Thursday, September 8, 2011
Can Michigan survive without QB magic?
By Brian Bennett
A football game contains a multitude of moving parts, and its outcome can be decided by hundreds of little things that can go right or wrong for either side.
But sometimes, the result has a very simple explanation. That's the case for the last two games between Michigan and Notre Dame. On the most basic level, the Wolverines just had the best player on the field performing heroic acts, and he happened to playing quarterback.
Michigan didn't need any big-time heroics from Denard Robinson last weekend.
In 2009, Michigan rallied from an early deficit on the strength of Tate Forcier, who threw for 240 yards and ran for another 70. He led the game-winning touchdown drive, throwing for the deciding score with 11 seconds remaining.
That was merely a warm-up for last year's razzle-dazzle by Denard Robinson, who posted 502 total yards in South Bend, including an 87-yard touchdown run. He also led a game-winning drive, running it in with 27 seconds left for a 28-24 victory.
"The whole game was crazy," Robinson said this week. "I enjoyed the whole thing."
So did Wolverines fans. But the question this week, as the two teams reunite under the lights at the Big House, is if Michigan can again get that kind of performance out of its quarterback in its new offensive system. And can it beat Notre Dame without such heroics?
Robinson had a quiet game in the season-opening win against Western Michigan last week, throwing for only 98 yards and running for 46 with no scores. But the game was called off before the third quarter even ended.
"We only ran 39 plays," center David Molk said. "Last year, that was barely half a game for us."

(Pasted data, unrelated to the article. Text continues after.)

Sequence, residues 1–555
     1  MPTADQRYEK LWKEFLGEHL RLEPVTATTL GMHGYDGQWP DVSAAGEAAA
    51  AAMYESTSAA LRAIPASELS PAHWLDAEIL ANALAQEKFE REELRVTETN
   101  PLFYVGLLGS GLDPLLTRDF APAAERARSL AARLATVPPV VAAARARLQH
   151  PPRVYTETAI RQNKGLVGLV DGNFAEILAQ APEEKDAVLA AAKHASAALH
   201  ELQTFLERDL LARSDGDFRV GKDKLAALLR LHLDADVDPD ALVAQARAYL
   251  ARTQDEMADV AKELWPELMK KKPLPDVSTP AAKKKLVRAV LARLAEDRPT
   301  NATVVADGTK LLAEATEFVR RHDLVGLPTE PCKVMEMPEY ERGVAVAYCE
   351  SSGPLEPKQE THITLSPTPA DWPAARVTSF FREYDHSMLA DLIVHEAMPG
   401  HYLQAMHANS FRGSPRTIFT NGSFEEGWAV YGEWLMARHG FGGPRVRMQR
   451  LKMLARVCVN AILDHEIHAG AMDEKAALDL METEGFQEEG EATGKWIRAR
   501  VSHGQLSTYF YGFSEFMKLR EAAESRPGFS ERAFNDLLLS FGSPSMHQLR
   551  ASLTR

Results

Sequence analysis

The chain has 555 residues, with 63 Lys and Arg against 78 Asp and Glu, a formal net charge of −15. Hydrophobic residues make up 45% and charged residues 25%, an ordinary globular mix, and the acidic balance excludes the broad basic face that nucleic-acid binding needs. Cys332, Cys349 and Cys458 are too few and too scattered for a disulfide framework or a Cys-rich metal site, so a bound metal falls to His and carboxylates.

Even in a shortened game, though, the Wolverines liked what they saw out of their backfield guys not named Robinson. Running backs Fitz Toussaint and Michael Shaw combined to gain 134 yards on just 15 carries and scored three times while ripping off a few long dashes. That kind of production from the tailbacks wasn't there last year and gives this offense another dimension.
Could that rushing game help beat Notre Dame even without a huge day from Robinson?
"I know a lot of people this year are going to key on Denard, and there's nothing better to counteract that than a really good run game," Molk said. "We're not going to line up without a quarterback on the field, but at the same time our offense is going to play out like it's going to play out. Either our running backs are going to get a lot of yards, or Denard's going to get a lot of yards. Either way, we're looking forward to getting a good offensive push and a lot of points on the board."
Notre Dame's defense wasn't to blame for the team's 23-20 loss to South Florida last week, as the Irish gave up only 254 total yards and 3.5 yards per play. That defense has improved greatly since last year's game in South Bend, and the memories of Robinson's one-man destruction remain fresh in the Golden Domers' domes.
"Last year, Denard had too many big plays against our defense," Notre Dame coach Brian Kelly said this week. "So we'll be looking for answers towards keeping him in that realm where he doesn't take over the game."
One of the major storylines for Michigan going into this season was how Robinson would adjust to new offensive coordinator Al Borges' schemes. The answer was inconclusive after a shorter-than-expected Week 1.
"I thought he managed the offense very well for the first time out," Borges said of Robinson. "He didn't create the big plays he's used to, but our tailbacks did. As long as somebody does, we'll be fine. You'll see that part of his game surface eventually."
Maybe this is the week Robinson breaks out with one of his memorable performances. If not, the Wolverines will have to prove they can win this game without a heroic effort from their quarterback. If that happens, it may be the best sign of progress for this program.